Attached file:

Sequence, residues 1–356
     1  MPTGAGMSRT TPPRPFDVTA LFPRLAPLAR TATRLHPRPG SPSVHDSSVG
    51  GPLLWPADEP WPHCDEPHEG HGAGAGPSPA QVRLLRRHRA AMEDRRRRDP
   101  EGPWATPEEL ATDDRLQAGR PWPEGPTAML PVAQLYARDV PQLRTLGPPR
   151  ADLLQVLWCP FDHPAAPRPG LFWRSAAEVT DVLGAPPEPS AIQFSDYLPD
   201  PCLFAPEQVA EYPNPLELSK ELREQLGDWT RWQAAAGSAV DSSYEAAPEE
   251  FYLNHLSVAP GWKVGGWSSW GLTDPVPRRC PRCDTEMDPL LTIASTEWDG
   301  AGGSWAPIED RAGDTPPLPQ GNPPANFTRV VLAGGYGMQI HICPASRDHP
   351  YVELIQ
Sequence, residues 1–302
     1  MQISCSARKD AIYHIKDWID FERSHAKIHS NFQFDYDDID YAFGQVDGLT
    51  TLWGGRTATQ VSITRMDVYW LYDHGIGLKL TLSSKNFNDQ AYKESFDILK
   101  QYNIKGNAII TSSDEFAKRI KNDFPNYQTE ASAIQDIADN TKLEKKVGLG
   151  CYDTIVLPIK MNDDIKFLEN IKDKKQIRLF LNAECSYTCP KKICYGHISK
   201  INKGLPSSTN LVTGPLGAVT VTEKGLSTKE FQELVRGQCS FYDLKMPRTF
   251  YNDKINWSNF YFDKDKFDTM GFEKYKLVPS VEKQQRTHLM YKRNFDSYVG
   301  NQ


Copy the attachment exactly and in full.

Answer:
Sequence, residues 1–356
     1  MPTGAGMSRT TPPRPFDVTA LFPRLAPLAR TATRLHPRPG SPSVHDSSVG
    51  GPLLWPADEP WPHCDEPHEG HGAGAGPSPA QVRLLRRHRA AMEDRRRRDP
   101  EGPWATPEEL ATDDRLQAGR PWPEGPTAML PVAQLYARDV PQLRTLGPPR
   151  ADLLQVLWCP FDHPAAPRPG LFWRSAAEVT DVLGAPPEPS AIQFSDYLPD
   201  PCLFAPEQVA EYPNPLELSK ELREQLGDWT RWQAAAGSAV DSSYEAAPEE
   251  FYLNHLSVAP GWKVGGWSSW GLTDPVPRRC PRCDTEMDPL LTIASTEWDG
   301  AGGSWAPIED RAGDTPPLPQ GNPPANFTRV VLAGGYGMQI HICPASRDHP
   351  YVELIQ
Sequence, residues 1–302
     1  MQISCSARKD AIYHIKDWID FERSHAKIHS NFQFDYDDID YAFGQVDGLT
    51  TLWGGRTATQ VSITRMDVYW LYDHGIGLKL TLSSKNFNDQ AYKESFDILK
   101  QYNIKGNAII TSSDEFAKRI KNDFPNYQTE ASAIQDIADN TKLEKKVGLG
   151  CYDTIVLPIK MNDDIKFLEN IKDKKQIRLF LNAECSYTCP KKICYGHISK
   201  INKGLPSSTN LVTGPLGAVT VTEKGLSTKE FQELVRGQCS FYDLKMPRTF
   251  YNDKINWSNF YFDKDKFDTM GFEKYKLVPS VEKQQRTHLM YKRNFDSYVG
   301  NQ